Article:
November

President’s corner November, 2013

Written by Charles Bartel

Thanksgiving time is just around the corner. The holiday season is on us, with Christmas advertisements and displays already hitting the airwave, newspapers and store shelves. It is a great time to sit back and reflect on the past, the present and the future. If you are reading this corner, you are interested in trains. I would ask of you who open up the world of model trains and layouts? Was it your grandparents (probably your grandfather with grandma looking on with smiles), your parents (again probably your father), or an Aunt or Uncle? (When I was growing up, women had taken to the work force with the men overseas. They kept the trains running. Maybe even your big brother. Did someone in the family work on the railroad, or maybe a neighbor?

I was a very fortunate individual in that one grandfather worked for the Pennsylvania Railroad and the other one took me out for train chasing (going to one of the local north/south rail lines and waiting for the evening Cleveland to Cincinnati run). And considering that this was 1944 and gas rationing was in effect, this was quite a commitment! He and my grandmother purchased a prewar Lionel train set with a steam engine, freight cars, and track. And two things were ignited - my love of model railroads and my interest in making the model trains look real with lights and animation! It ended up leading me to a degree in electrical engineering and a lifelong career in motion control.

Along the way, I pulled two of my brothers into model railroading, one of which is avid train chaser and Garden railroader. I met other boys with similar interest and found out that adults could build very large layouts in their basement! What an eye opener that was that there were “scale” trains and houses other than Lionel and Plasticville (his layout was HO with the first HO engines and cars I had ever seen).

I met my wife and found out that her family was filled with railroaders. And the stores I heard from them. It showed that growing up in the 40’s and 50’s, the train companies were a major source of employment.

A lot of us young boys dreamed of being an engineer and taking those trains to the faraway places like New York City, or Chicago, or Los Angelis. The lonesome steam whistle at night would trigger that dream. We would lay under a trestle bridge where we could see the underside of the train as it passed over the bridge. And talk about where we think it might be going, or where it was coming from.

It is a great past to think about and enjoy the memories.

So now we have the present. Western New York Garden Railway Society! A group I never knew existed until I saw an advertisement for a Holiday display in the Botanical Gardens in South Buffalo. I took my son and wife and went to the display. A trolley running through the vegetation, station to station. Engines with sound going in and out of the plants. And big! My ho layout (yes I have one of those under construction also 40 years of construction) look small and unrealistic compared to this layout. A couple of years passed and I finally bit the bullet and joined. Two things happened I met a great bunch of people locally as well as others from around the world, and my train budget tripled! I went on a buying spree that started when a club member, never having met me before, had an engine to sell. He said take it home and think about it. If I didn’t want it, bring it back to the next meeting. What trust! No phone number, no address, just a handshake. If only all business could be conducted that way. (I did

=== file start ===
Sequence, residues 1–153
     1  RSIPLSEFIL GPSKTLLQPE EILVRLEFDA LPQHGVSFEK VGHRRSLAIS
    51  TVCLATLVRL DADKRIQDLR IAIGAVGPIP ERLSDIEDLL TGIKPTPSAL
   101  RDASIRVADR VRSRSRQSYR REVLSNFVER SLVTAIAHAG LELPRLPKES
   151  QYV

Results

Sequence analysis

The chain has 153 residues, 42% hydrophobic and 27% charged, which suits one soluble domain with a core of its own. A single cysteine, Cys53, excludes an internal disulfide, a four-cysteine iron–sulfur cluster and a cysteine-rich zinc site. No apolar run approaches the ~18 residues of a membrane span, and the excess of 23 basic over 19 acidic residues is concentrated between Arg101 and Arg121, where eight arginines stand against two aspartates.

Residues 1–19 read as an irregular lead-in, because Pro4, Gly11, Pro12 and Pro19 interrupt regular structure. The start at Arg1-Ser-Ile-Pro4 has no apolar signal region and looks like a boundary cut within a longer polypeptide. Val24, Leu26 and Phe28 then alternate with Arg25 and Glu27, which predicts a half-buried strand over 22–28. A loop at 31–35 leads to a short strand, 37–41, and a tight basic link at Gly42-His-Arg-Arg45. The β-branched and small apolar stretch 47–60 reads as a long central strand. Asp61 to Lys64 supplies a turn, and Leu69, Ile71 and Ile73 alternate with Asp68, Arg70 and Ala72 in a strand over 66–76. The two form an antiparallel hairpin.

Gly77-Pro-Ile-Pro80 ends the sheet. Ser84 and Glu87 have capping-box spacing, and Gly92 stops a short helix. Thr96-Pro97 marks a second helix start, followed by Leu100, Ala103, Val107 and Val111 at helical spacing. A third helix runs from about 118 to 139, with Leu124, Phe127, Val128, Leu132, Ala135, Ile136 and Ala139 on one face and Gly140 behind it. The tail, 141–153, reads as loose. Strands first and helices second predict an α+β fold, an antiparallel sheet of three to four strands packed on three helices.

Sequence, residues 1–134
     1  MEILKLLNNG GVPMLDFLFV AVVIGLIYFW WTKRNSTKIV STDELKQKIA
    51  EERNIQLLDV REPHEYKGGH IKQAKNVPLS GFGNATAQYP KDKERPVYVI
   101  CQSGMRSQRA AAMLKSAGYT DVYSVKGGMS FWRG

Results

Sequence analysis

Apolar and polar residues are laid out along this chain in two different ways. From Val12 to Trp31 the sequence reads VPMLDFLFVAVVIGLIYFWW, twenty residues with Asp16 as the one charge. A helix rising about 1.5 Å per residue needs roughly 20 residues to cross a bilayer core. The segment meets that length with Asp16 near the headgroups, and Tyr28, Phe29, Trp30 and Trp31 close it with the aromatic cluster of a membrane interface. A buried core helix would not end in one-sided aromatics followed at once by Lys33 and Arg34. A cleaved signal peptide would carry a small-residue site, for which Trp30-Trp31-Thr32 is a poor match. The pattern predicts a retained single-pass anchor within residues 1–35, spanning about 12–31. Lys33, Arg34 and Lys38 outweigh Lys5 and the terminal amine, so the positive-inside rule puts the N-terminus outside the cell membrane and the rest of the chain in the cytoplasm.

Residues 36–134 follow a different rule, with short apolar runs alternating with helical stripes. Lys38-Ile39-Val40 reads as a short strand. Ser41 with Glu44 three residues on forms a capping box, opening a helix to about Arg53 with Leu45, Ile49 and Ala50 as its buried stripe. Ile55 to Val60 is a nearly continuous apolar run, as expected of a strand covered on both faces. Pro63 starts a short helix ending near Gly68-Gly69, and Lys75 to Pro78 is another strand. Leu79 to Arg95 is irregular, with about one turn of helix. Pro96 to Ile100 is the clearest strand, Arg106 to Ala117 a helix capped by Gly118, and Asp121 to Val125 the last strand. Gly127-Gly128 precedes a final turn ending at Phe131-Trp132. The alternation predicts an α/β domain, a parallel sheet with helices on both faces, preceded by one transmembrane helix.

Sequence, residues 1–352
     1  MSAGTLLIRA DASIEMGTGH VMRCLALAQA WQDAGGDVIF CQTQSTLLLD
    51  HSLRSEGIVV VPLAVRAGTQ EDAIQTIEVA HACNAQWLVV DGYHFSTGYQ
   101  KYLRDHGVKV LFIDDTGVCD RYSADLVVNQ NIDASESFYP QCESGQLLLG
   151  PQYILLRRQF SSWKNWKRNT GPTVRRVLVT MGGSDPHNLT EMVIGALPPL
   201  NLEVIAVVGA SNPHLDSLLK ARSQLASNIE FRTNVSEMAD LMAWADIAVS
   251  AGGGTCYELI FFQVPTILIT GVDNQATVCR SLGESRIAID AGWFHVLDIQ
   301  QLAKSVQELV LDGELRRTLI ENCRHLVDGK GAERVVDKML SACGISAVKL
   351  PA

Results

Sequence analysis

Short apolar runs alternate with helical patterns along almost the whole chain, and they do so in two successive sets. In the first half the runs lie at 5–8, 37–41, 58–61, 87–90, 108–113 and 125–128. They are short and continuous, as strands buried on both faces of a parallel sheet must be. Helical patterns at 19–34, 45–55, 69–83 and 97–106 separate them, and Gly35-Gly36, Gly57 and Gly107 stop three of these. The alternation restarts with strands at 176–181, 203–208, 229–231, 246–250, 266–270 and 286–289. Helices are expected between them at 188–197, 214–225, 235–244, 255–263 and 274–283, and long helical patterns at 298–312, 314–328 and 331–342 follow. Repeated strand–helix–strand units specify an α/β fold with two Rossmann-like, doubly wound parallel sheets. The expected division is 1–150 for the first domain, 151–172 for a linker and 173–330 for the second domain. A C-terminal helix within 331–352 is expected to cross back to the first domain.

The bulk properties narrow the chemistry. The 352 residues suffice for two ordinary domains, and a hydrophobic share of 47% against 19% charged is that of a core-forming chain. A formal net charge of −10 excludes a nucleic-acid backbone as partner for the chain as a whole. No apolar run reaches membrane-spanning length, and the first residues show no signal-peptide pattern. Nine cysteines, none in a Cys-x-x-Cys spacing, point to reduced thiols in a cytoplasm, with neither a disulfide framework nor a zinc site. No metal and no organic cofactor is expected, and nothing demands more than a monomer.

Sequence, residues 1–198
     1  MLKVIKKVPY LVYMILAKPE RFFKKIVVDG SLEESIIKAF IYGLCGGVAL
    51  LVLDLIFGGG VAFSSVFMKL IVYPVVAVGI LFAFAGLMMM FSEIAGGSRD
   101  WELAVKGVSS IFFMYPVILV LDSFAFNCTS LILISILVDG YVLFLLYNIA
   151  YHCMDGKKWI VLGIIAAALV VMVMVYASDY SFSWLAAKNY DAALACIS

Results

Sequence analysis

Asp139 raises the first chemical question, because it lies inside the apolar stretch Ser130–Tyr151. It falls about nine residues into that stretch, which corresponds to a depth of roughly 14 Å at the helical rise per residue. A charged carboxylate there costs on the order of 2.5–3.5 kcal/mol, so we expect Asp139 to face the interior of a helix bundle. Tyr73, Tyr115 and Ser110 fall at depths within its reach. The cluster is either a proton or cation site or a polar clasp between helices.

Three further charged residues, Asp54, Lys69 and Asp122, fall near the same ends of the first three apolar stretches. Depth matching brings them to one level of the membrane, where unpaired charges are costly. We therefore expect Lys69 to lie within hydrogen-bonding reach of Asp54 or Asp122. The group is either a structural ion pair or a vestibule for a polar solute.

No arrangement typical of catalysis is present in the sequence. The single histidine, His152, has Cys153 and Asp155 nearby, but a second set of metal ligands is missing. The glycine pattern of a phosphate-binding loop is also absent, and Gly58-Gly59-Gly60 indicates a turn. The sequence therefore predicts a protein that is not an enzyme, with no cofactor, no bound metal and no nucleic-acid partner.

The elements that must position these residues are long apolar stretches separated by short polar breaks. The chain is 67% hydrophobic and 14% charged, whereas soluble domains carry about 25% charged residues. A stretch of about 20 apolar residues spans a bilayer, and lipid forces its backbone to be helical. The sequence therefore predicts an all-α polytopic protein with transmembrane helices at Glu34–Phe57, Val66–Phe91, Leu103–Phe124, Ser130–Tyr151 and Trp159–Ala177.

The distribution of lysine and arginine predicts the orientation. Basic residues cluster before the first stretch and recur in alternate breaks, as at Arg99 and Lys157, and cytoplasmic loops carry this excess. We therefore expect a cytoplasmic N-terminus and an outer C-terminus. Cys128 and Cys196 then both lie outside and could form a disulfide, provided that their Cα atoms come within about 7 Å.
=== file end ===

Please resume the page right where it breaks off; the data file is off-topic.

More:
President’s corner November, 2013

buy it at the next meeting.) And then there was the train show at the event center. A few cars, an engine, etc. This was followed by York. I think I am still paying the bills for that trip in the Spring. This was all followed by the National Convention in June in Cincinnati, Ohio. Of course there is there eleven days at that fair, with club members sharing the work of 6 hour shifts running the trains (oh so much work) and meeting the public to talk about the trains. And then to top it off, back to the Botanical Gardens for the Holiday display, where I “met” the club. Life does seem to travel in circles.

And what does the future hold? No one knows for sure, but the things I dream about are trains in the backyard with freight, passenger and trolley service. A circus train with wagons, tents, animals and people moving from town to town by rail. The trolley’s passing each other as they go through town to the train station. Open houses to share this love of trains with others. The opportunity to visit other’s open houses and see their trains.

I trust that the club will continue to grow and create new friendships. That the club continues to participate in more fair layouts and weekend train shows. Maybe I’ll get enough confidence to enter a model into the model competition. More trips to York, not so much to buy more trains, but for the fellowship. Not as many families rely on the railroads for employment today, so these layouts and open house are an opportunity to show the next generation how important the railroads were, and how important they are today.

If you got this far, I hope you enjoyed my look to the past, to today and my dreams for tomorrow. I hope that each of you have similar memories of the past and hopes for tomorrow.

Trains! And the people who introduced me to the great hobby of model railroading. One more thing to add to the list of things that I am grateful for at the Thanksgiving celebrations.